The tomato genome sequence provides insights into fleshy fruit evolution

S. Sato, S. Tabata, H. Hirakawa, R.M. Klein Lankhorst, H. de Jong, R.C.H.J. van Ham, E. Datema, S. Smit, E.G.W.M. Schijlen, J.C. van Haarst, S.A. Peters, M.H.C. Henkens, M.J. van Staveren, P.J.W. Mooijman, T. Hesselink, J. van de Belt, D. Szinay, Y. Bai, R.G.F. Visser

Research output: Contribution to journalArticleAcademicpeer-review

2311 Citations (Scopus)


Tomato (Solanum lycopersicum) is a major crop plant and a model system for fruit development. Solanum is one of the largest angiosperm genera1 and includes annual and perennial plants from diverse habitats. Here we present a high-quality genome sequence of domesticated tomato, a draft sequence of its closest wild relative, Solanum pimpinellifolium2, and compare them to each other and to the potato genome (Solanum tuberosum). The two tomato genomes show only 0.6% nucleotide divergence and signs of recent admixture, but show more than 8% divergence from potato, with nine large and several smaller inversions. In contrast to Arabidopsis, but similar to soybean, tomato and potato small RNAs map predominantly to gene-rich chromosomal regions, including gene promoters. The Solanum lineage has experienced two consecutive genome triplications: one that is ancient and shared with rosids, and a more recent one. These triplications set the stage for the neofunctionalization of genes controlling fruit characteristics, such as colour and fleshiness.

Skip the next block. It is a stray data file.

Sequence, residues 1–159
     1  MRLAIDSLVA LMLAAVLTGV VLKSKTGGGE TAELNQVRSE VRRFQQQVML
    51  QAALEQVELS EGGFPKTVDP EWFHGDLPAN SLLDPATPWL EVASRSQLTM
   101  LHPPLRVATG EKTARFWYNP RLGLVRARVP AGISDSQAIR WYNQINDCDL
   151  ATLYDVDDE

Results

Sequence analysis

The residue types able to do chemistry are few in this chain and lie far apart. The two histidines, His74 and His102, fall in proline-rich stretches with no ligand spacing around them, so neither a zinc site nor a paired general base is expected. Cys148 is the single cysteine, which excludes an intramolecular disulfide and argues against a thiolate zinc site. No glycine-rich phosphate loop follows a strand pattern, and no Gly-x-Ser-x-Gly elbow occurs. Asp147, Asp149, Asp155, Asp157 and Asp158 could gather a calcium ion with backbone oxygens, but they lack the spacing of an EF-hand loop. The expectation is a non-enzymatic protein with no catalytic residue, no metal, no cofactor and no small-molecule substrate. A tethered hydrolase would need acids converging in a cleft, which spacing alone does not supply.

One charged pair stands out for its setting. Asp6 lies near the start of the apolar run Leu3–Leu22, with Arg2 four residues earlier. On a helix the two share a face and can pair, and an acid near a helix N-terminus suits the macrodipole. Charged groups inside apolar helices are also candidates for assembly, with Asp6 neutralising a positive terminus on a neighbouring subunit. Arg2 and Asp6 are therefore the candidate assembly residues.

Original languageEnglish
Pages (from-to)635-641
Publication statusPublished - 2012


  • lycopersicon-esculentum
  • gene
  • diversification
  • arabidopsis
  • patterns
  • ortholog
  • history
  • sorghum
  • potato


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